In 2018, the federal agencies charged with regulating hazardous materials on trains actually removed safety rules requiring modern braking systems. But they failed to conduct mandated safety tests, used inaccurately low estimates of accidents and risks, and restricted public participation. Earthjustice appealed the rule, but the agencies failed to respond, siding with companies like Norfolk Southern, who lobbied against more stringent safety requirements. The lack of government response has meant more explosive tank cars with “Civil War-era braking systems” traveling through towns and neighborhoods.
“The Norfolk Southern disaster unfolding in East Palestine demonstrates the lengths to which the petrochemical industry and its underregulated toxic emissions needlessly put communities in harm’s way,” said Adam Kron, senior attorney with Earthjustice. “While we still don’t know the full extent of human exposure and health effects from this derailment, it is an urgent call to action for EPA and other federal agencies to undo Trump-era rollbacks and strengthen rules that protect communities from petrochemical facilities’ toxic emissions.”
If you’d like to report incidents stemming from this disaster, please use this form from our partners at River Valley Organizing.
See the latest information on the ongoing investigation.
Quotes from Clients and Partners:
“As train cars full of toxic chemicals were intentionally burned due to the train derailment in Ohio, health risks are still unclear for residents of East Palestine as well as downstream communities. The U.S. EPA is sending conflicting messages about the pollution and health risks from the Ohio train derailment. In one statement, EPA says it has not detected ‘any levels of concern’ of hazardous substances. Yet in other statements, they are confirming that substances released during the incident have been detected in six streams as well as storm drains, and they are investigating the soil,” said Jill Ryan, executive director of Freshwater Future. “This accident points to the urgency for changing how we regulate the transport of toxic materials and petroleum products on, over, and around our precious water resources. Our valuable waters, such as the Ohio River and the Great Lakes, must be better protected from the threats to the safety of our drinking water from transporting hazardous chemicals.”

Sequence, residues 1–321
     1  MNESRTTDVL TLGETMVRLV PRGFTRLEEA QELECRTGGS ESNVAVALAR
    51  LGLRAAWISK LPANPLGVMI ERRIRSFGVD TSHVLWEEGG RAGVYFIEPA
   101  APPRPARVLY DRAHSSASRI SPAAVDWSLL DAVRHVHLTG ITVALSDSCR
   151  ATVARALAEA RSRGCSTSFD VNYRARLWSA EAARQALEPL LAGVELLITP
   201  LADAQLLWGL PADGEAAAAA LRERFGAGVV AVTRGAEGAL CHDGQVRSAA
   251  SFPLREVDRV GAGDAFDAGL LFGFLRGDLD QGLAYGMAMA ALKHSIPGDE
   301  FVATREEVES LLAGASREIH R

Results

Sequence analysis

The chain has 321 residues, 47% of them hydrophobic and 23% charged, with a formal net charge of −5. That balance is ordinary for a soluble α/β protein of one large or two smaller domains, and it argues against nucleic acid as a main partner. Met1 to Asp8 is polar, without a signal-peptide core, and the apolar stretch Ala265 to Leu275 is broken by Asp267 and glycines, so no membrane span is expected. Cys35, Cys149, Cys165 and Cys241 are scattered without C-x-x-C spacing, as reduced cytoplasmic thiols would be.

“We call on Governor DeWine, Ohio Environmental Protection Agency Director Anne M. Vogel, Ohio Department of Health, East Palestine Water and Sewer Department, and other water and sewer departments to provide ongoing services to community members affected or impacted by the train derailment, at a minimum and including ongoing, easily and readily accessible crisis communication from relevant government agencies to the community; payment suspension for utilities affected or impacted; long term health monitoring for adverse health developments for issues which may develop from the toxic chemicals released; and crisis trauma services for those impacted,” said The Junction Coalition Board President Robert Rivers.